Few artists have micromanaged their image like Kate Bush. Upon the release of her debut The Kick Inside, the 19-year-old songwriter/singer/dancer/mystic genius found herself thrust into a media landscape that wanted her to capitalize on sex appeal instead of intelligence and creative acumen. But she fought the industry’s desire to turn her into a generic product.
“An independently creative woman in what was still a very male world,” biographer Graeme Thomson writes, “Bush battled against a widely held prejudice that she was little more than a novelty puppet whose strings were being pulled by some unseen svengali.” As she herself later remarked, in the world of 70s pop “it was incredibly unusual for a young female to be writing her own songs and singing them.” The press marveled at her, and seemed to want to possess her.
Her savvy, independence, the literary oddness of her songs, and the astonishingly accomplished theatricality of her delivery set her far apart. Kate Bush had no need to conform to the stereotypes reflexively imposed on her. Still the first years of her professional career were defined by a media blitz, with TV appearances, advertisements, magazine spreads, and a massive 1979 tour that marked the last time she would perform live for 35 years.
For a little while, at least, she seemed comfortable in the spotlight and handled the attention adeptly. And in one, seemingly out-of-character move, she even signed a promotional deal with Japan’s Seiko Holdings Corporation. Granted, Japan is where Western celebrities go to make ads no one in their home market will see. But Bush never again sold her image for product promotion anywhere in the world (though she once did a brief, also uncharacteristic stint in the 90s writing music for Coca-Cola’s Fruitopia line of soft drinks).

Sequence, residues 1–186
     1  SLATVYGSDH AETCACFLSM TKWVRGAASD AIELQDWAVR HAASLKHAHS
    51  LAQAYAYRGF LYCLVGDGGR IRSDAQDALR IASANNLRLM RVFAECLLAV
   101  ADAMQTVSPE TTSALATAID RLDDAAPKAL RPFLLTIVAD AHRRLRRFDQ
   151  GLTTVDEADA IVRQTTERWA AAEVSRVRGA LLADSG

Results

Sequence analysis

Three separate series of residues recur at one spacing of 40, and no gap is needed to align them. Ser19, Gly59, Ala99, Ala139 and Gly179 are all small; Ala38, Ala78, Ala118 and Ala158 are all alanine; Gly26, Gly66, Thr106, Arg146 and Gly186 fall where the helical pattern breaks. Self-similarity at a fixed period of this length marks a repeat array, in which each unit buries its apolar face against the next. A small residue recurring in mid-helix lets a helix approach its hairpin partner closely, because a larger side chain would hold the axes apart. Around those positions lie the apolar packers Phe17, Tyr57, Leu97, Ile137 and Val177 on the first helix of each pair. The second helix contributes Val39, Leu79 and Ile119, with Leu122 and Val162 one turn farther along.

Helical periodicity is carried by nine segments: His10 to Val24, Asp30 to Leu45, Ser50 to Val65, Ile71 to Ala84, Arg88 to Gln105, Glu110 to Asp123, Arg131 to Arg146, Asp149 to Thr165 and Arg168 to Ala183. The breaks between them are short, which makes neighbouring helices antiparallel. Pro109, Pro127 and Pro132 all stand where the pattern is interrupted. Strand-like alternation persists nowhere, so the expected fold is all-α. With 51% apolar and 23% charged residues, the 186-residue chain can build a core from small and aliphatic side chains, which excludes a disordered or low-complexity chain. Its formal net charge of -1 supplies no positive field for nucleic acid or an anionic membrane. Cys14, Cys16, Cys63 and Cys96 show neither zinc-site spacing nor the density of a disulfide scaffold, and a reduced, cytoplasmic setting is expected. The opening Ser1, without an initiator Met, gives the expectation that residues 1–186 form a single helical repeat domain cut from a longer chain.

As with the rigors of touring, she evidently decided once was enough. (Bush signed the ad campaign with, “Sometimes life can be hard, so only think about the good times.”) What made her decide to shill for Seiko in the first place? She may have been enticed by the fact that the TV spot featured The Kick Inside’s “Them Heavy People,” released as a single in Japan only, helping her reach a very appreciative new audience. (The cover of the single was a cropped image from the Seiko shoot.)
During her stay in Japan, Bush had performed The Kick Inside’s “Moving,” a tribute to the famed Lindsay Kemp, her mime teacher, at the televised 7th Annual Tokyo Music Festival. She was a huge hit among an audience of 35 million people, and the song came out in Japan as a limited 7-inch tied to the Seiko marketing campaign. It’s unclear how the partnership first came about, but it seems unlikely that her management team forced her into it.
Even at this early stage of her career, Bush balked at any move that she felt would compromise her. She has “controlled her career with such fierce independence,” writes Thomson, “it is inconceivable to imagine her doing anything against her will.” Perhaps she thought the promotional boost was worth it, just this once, or maybe she just really loved Seiko’s watches.